My blog is going to be pretty Equus-centric for the next few weeks, but for today we’re going to press pause on that so I can share this guest post from K. Bird Lincoln. I met her when she submitted a manuscript to WWP that I just had to have. I’d have never even thought to put ‘Urban fantasy that uses mythology beyond the usual vampire/werewolf variety’ on an editorial wish list but Dream Eater was all the things I wanted from an urban fantasy.
This post isn’t about her book, but the main character of Dream Eater is biracial so the connection is there 😉
5 Picture Books touching on Biracial Asian Identity You Should Read to your Children—and Make Me Cry
Ariana Miyamoto was crowned Miss Universe Japan in 2015. She’s biracial. This was a big deal—since for many Japanese folks, being Japanese encompasses both race and culture. Take the Zainichi Koreans, they’re still treated as non-Japanese by many although through my U.S. eyes and ears there’s no way for me to tell them apart.
It’s hard for many Americans to understand this view of nationality without a bit of extra thinking. I mean, imagine if Irish Americans, despite living in the U.S. almost their whole lives, were treated as second class citizens…oh wait, yeah that actually happened.
Anyway, back to Ms. Miyamoto. According to a New York times report, she frequently gets asked ‘What part of you is most like a Japanese?’
What kind of a question is that? How do you even answer that graciously? (Apparently Ms. Miyamoto says “I am Japanese”)
I mean all the erroneous and bigoted assumptions underlying that question! I’ll tell you what kind of question that is…it’s the kind of question that I worried about my own children encountering if Tokyo Boy and I decided to live in Japan. For economic/job-related ones we didn’t end up in Japan, but as an outsider/geek/nerd myself, I think I was hyper-sensitive to the possibility my daughters might have to deal daily with outsider status.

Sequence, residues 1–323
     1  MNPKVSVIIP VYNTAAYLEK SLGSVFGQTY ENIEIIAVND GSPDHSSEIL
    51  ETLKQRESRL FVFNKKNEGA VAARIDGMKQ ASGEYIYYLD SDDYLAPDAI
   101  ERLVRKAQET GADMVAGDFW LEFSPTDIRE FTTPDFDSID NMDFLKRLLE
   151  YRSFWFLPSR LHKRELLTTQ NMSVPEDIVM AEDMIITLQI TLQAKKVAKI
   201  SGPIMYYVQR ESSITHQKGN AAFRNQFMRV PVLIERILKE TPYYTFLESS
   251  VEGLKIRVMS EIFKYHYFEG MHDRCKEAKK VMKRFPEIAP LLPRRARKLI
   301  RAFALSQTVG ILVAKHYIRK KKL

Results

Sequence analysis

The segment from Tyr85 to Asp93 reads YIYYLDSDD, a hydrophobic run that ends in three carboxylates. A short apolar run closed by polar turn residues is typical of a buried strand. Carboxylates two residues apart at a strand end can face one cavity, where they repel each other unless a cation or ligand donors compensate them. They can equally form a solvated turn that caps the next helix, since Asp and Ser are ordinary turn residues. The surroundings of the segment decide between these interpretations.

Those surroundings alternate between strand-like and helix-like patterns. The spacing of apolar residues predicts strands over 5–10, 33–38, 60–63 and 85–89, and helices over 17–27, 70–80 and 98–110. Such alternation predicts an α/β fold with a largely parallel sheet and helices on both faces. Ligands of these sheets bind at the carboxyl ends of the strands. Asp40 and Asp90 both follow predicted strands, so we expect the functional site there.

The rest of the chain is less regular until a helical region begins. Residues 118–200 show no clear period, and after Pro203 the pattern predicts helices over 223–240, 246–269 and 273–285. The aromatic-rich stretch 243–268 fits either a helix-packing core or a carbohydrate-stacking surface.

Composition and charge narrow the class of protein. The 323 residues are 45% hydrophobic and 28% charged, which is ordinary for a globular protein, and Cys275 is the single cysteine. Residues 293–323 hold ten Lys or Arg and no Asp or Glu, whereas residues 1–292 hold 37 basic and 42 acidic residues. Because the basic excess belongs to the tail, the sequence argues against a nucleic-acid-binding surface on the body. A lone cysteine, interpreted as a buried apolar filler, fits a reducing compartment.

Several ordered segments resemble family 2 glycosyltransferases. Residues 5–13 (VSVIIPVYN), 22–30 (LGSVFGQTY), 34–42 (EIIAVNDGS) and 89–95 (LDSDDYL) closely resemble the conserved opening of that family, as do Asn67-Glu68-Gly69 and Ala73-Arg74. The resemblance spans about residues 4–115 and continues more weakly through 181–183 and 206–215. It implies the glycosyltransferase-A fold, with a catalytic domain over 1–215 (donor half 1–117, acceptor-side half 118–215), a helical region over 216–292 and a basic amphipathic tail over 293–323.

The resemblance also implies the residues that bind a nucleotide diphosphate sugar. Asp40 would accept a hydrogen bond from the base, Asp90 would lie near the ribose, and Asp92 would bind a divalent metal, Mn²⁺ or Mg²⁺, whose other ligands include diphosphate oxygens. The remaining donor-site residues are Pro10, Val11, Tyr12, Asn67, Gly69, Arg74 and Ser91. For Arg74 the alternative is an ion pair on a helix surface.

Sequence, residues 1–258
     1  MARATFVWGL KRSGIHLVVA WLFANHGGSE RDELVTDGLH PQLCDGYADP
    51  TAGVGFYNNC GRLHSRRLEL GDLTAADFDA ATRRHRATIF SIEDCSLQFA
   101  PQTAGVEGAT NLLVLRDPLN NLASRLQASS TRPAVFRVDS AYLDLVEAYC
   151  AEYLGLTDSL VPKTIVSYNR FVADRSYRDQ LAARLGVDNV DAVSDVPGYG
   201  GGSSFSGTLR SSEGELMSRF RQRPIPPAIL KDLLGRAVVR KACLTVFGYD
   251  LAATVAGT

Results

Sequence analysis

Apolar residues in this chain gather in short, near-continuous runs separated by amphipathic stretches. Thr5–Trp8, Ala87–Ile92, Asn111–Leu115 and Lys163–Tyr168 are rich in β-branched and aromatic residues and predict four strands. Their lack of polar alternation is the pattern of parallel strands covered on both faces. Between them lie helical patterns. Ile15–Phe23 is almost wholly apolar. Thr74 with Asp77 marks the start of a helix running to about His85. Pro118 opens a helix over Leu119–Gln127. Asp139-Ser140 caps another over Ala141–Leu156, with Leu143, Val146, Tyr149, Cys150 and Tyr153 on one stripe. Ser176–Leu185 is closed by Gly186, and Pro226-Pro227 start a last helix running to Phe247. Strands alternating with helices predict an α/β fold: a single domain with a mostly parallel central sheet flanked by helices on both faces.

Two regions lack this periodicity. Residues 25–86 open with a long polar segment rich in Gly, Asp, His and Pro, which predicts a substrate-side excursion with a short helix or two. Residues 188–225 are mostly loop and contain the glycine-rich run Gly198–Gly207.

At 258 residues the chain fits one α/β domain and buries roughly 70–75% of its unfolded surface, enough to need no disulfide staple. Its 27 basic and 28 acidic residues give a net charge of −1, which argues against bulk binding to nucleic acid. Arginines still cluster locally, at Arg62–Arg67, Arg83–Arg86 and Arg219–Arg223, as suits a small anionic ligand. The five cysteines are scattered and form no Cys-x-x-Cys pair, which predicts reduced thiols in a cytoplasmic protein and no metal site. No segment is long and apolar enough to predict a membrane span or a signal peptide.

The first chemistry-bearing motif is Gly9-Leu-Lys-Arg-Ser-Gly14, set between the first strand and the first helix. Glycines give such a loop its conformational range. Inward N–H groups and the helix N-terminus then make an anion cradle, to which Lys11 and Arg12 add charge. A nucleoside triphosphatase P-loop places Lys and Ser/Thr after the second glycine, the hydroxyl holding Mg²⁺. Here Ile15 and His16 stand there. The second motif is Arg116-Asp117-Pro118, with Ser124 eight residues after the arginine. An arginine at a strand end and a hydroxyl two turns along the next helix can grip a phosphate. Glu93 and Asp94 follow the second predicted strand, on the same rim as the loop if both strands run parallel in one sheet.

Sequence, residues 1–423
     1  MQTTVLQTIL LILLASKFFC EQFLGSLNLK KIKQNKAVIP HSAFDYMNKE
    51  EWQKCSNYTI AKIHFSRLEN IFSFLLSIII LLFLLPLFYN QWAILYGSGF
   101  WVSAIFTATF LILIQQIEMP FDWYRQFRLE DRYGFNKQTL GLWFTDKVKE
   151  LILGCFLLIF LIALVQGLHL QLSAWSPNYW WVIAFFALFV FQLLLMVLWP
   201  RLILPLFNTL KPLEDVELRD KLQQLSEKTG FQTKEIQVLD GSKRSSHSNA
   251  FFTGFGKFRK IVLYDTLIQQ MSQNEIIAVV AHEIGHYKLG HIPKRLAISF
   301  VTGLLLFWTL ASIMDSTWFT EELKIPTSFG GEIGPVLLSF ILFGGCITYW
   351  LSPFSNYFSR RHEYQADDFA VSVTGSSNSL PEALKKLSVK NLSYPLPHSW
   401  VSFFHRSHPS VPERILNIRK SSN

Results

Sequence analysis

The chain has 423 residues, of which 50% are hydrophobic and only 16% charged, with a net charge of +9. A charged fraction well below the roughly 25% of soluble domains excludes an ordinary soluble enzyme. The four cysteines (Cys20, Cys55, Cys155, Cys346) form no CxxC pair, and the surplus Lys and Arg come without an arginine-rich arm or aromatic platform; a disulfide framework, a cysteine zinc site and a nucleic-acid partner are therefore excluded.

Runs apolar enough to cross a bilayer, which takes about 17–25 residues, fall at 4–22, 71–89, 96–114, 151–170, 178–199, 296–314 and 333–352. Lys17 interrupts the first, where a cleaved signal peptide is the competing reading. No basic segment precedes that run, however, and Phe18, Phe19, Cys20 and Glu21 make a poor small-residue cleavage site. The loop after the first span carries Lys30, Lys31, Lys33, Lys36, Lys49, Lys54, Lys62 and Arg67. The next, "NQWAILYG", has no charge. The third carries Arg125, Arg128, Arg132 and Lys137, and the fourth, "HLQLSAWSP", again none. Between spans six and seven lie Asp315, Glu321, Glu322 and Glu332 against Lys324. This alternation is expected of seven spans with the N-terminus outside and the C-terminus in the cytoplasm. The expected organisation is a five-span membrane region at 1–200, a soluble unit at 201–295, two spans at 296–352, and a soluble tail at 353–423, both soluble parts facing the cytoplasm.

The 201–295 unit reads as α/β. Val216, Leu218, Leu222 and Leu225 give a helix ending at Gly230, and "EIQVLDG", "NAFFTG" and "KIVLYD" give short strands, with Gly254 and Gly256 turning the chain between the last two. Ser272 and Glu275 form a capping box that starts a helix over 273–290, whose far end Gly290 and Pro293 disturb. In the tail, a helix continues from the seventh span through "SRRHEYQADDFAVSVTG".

They still have to deal with being biracial here in the U.S., especially after moving from diverse Portland, OR to more or less whitebread Minnesota Prairie. But hopefully, the issues here are a bit easier to work through. I recommend Half and Half as book with a variety of perspectives/races addressing this issue through personal experience. Or, if you’re like me and prefer narrative-driven treatments of major issues, I recommend Jamie Ford’s Hotel on the Corner of Bitter and Sweet as a particularly telling tale about Asians and U.S. History.
When my first daughter was a baby (so live over a decade ago), I was teaching at an international university in Chiba Prefecture and taking an online course in multimedia. We had to design a website as part of our final for the class. I created a resource for multi-cultural U.S./Japanese families (somewhat outdated now) for baby’s bedtime. Here are the children’s books that I found that touched on some of the experiences that I knew my daughter might encounter. But the books are great for children of any background or social class growing up in the states to have a wider appreciation for the world.
And great for grandparents for the same reason. And many of them I can’t read out loud because they will make me cry—both for the beauty of the tender diversity portrayed and for the sadness that there is a sense of otherness at all.
Two Mrs. Gibsons
Toyomi Igus and Daryl Wells